Caldecott Medalist Chris Raschka brings John Keats’s words to whimsical life in the poet’s only work written for children.
He was a naughty boy,
A naughty boy was he,
He would not stop at home,
He could not quiet be.
English poet John Keats is remembered for his great odes and sonnets — making this lighthearted, little-known poem a special treat. As written in a letter to his young sister when he was feeling homesick on a visit to Scotland, Keats runs his rhymes up and down and all around, leading the reader on a playful chase in and out of language and meaning while caricaturing both himself and what it means to be an aspiring poet. In perfect synchrony, the celebrated Chris Raschka illustrates Keats’s droll words with his signature vibrant, energetic watercolors.
About the Author
John Keats was born in London on October 31, 1795. While he trained in medicine and was a licensed apothecary, he never practiced. Instead, he devoted his life to poetry, and his own poetic work is striking in its vivid imagery and use of classical mythology. He died of tuberculosis in 1821.
Chris Raschka is a two-time Caldecott Medal winner, for A Ball for Daisy and The Hello, Goodbye Window, written by Norman Juster. He is also the creator of The Cosmobiography of Sun Ra and illustrated four acclaimed poetry anthologies edited by Paul B. Janeczko. Chris Raschka lives in New York City.
With the Caldecott medalist Raschka’s always enjoyable watercolor art, the puckish little poem makes an effervescent picture book.
—The New York Times Book Review
Raschka injects fresh whimsy into a bit of linguistic tomfoolery from one of the poet's letters to his younger sister...Visually boisterous, great fun to read aloud, and likely to incite some "wond'ring" along with the laughter.
—Kirkus Reviews (starred review)
Raschka fittingly dedicates this edition to his own sister, and his endpapers make connections across time and space, too: a collapsed map imagines the islands of New York City abutting those of Scotland. It’s an enchanting and intimate glimpse of the distant, anthologized Keats as a conversational letter writer who once “stood in his shoes/ And... wonder’d” at his world.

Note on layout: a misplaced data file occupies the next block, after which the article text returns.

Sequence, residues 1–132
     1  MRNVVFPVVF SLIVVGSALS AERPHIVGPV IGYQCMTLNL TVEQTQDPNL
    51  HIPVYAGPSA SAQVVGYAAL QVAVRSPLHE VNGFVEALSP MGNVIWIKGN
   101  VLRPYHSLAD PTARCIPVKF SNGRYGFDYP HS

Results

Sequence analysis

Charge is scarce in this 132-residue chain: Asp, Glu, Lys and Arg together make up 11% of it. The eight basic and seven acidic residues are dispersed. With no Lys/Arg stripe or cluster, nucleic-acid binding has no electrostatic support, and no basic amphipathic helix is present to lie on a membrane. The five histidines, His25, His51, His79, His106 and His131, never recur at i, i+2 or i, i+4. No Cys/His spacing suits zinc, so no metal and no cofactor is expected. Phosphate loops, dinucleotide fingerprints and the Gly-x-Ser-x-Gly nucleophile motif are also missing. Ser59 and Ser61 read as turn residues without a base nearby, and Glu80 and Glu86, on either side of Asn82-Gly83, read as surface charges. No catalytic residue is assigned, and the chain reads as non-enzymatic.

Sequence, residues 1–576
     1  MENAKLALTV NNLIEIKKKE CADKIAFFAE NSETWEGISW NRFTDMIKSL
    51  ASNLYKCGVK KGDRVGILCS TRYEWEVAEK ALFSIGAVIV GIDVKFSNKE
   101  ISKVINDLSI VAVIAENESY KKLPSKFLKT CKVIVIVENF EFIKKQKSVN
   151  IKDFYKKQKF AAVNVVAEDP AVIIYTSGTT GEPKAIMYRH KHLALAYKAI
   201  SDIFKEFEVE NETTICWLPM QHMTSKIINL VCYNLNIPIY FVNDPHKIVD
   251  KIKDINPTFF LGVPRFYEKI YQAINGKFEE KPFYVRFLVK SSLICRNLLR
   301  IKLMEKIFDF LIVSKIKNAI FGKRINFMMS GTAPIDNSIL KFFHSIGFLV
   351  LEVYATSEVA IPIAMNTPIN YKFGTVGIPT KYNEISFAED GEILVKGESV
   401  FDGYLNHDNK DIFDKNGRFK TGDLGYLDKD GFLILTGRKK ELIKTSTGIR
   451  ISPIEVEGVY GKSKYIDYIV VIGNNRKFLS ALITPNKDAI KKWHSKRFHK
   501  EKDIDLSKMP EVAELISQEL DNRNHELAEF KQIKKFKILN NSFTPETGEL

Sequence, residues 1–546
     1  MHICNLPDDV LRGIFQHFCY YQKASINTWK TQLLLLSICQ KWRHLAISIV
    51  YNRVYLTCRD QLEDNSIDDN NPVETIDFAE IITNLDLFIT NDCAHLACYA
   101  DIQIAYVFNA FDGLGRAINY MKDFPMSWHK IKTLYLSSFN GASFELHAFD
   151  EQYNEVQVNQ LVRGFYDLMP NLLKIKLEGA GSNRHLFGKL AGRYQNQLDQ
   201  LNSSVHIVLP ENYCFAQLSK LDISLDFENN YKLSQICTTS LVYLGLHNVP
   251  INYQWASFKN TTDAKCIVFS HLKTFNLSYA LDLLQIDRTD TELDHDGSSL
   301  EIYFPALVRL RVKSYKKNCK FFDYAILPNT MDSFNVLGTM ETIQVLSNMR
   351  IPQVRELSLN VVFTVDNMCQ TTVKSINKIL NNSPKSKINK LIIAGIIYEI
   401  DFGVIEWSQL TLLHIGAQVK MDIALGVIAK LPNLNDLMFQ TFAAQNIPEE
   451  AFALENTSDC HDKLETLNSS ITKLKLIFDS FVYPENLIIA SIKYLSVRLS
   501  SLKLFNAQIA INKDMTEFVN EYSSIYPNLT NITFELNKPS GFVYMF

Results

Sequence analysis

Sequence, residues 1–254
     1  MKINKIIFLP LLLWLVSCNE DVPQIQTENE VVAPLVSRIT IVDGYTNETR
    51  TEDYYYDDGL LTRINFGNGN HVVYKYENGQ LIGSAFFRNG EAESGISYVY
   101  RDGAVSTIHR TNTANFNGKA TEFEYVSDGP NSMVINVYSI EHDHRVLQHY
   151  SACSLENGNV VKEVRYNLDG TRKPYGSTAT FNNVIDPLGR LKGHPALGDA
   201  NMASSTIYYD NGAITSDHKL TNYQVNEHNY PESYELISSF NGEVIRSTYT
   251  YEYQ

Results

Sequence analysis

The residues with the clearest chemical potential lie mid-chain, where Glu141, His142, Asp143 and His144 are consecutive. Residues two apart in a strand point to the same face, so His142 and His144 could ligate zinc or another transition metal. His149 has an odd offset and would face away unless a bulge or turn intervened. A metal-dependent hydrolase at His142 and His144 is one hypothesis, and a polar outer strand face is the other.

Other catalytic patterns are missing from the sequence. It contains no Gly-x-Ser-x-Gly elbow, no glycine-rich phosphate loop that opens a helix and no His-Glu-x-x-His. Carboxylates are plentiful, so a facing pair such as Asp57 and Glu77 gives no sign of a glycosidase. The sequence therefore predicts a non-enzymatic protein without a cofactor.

—Publishers Weekly (starred review)
Raschka’s free-flowing watercolors pick up the nursery-rhyme folksiness in the lines and also have a touch of Keats’ near-contemporary Edward Lear in their joyful absurdity. If you’re looking to cunningly thread some canonical poetry into a collection or seeking to springboard a comparison between verse then and now, this will fill the bill.
—Bulletin of the Center for Children's Books
Students can write their own playful poems about themselves, rhyming or not, after reading this delightful picture book. A lovely introduction to this romantic poet that will please readers of any age.
—School Library Journal
Raschka’s exuberant pictures and Keats’s playful nonsense poem make an irresist- ible combination from the very first page...An appended illustrator’s note details the origins of the Keats ditty, written (as part of a letter to his sister) almost two hundred years ago—and now revisioned as a joyful nonsensical experi- ence for young listeners and readers.
—The Horn Book
Caldecott Medal and Honor winner Chris Raschka brings a playful poem by John Keats to life with his vibrant watercolor paintings.